Posted - May 2020 in HSPRF News
Progress in pre-clinical studies
Dose range finding study (Brisbane)
The final reports on the second mouse study were received in mid-April from TetraQ and QIMR confirming that Noscapine is indeed reaching the brain and spinal cord of mice in amounts that are dependent on the quantity of the drug administered by oral dose. It has also been confirmed that levels of a potential biomarker are elevated in the spinal cord of the mice in direct relationship to the drug dose given.
Following the inconclusive results from the first dose range finding study in mice that was reported in June 2019, the findings of this second study are much more in line what was hoped for and expected.
The clinical trial research team has recently met to review the study results and discuss the translation to dose levels to test in humans. The implications for the design of clinical trials in people with HSP were also discussed and detailed design of the initial trial is now underway.
The animal experiments and analysis of drug levels in the blood, brain and spinal cord of the mice were carried out at TetraQ http://www.tetraq.com.au/ Research Infrastructure Centre at the University of Queensland. Analysis of the biomarker of microtubule stability in brain and spinal cord was done at the Queensland Institute of Medical Research (QIMR) https://www.qimrberghofer.edu.au/ also a facility of the University of Queensland.
Biomarker study (Sydney)
Progress in this investigation was not possible during the quarter. Access to the lab was limited to just basic care and maintenance functions for the living HSP cell cultures. On top of limited access for the researchers, it has not been possible to plan for the participation in the study of a larger number of people with HSP due to unknown factors regarding lifting of restrictions and minimising the risk to health of all concerned.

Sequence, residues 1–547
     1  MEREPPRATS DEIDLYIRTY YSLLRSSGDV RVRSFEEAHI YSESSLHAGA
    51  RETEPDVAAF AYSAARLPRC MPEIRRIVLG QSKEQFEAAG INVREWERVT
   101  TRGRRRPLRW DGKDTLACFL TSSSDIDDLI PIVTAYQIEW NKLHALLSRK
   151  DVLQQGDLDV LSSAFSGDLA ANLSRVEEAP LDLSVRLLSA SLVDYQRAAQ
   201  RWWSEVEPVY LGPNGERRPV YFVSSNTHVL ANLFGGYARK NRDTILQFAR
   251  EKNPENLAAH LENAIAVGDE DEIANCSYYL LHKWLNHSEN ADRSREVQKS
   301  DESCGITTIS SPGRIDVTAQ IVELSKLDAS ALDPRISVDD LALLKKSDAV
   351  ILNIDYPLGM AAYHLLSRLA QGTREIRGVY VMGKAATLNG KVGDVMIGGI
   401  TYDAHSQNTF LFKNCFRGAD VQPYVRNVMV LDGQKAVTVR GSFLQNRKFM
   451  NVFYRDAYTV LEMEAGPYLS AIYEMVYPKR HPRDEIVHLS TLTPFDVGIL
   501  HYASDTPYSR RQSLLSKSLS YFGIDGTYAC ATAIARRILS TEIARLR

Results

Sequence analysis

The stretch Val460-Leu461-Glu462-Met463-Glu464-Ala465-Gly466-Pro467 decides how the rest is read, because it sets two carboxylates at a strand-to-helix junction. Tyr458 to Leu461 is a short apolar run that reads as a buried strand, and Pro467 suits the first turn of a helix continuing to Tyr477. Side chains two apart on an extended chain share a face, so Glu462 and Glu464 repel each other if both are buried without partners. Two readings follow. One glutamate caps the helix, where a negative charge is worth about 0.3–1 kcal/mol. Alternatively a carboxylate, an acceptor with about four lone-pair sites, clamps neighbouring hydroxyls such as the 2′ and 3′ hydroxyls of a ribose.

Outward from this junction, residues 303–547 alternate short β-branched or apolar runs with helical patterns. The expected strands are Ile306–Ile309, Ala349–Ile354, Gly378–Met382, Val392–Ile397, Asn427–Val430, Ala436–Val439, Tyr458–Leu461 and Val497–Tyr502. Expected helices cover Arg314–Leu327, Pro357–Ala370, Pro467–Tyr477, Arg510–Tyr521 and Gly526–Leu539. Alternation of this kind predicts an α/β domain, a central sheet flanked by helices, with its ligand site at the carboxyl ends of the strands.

However, the circumstances have allowed time for further data analysis of the multiple parameters that are now being measured in the biomarker study. The opportunity has also been taken to complete a scientific paper for publication, and expand grant writing efforts and applications for research funding for the continuance and development of the biomarker study.
Developing a Quality-of-Life survey for HSP (Sydney)
Dr Sue-Faye Siow is working with a research team at Royal North Shore Hospital in Sydney to develop an HSP-specific quality of life survey (HSPQoL). To date, there are no disease-specific QoL surveys for HSP, whilst generic surveys don’t adequately cover important issues specific to HSP that include the genetic nature of the condition, increased frequency of falls, the challenges of access to care and the coordination of complex care needs.
The survey will have application in both clinical practice and research, as well as potentially providing an important outcome measure for the ultimate effectiveness of any treatment tested in a clinical trial. The aim is to create a validated, standardised, HSP-specific QoL survey by modifying an already established generic QoL survey with HSP-specific questions. It is beyond question that HSP has a significant impact on quality of life. Research studies into quality-of-life for people with HSP show reduced life satisfaction, reduce mental well-being, inadequate social support, poorer memory and reduced quality of sleep compared to people without HSP.
Blood biomarker study (Tübingen, Germany)
As reported in the March update, the blood biomarker study by Dr Rebecca Schüle at the University of Tübingen in Germany was scheduled to be completed this month but has been delayed due to the shift in priorities necessitated by the coronavirus pandemic.
Smart phone app study (Brisbane)
Another round of testing of participants in the smartphone app study at Griffith University scheduled for April was indefinitely postponed. This will be rescheduled as soon as it is safe for all concerned to reconvene.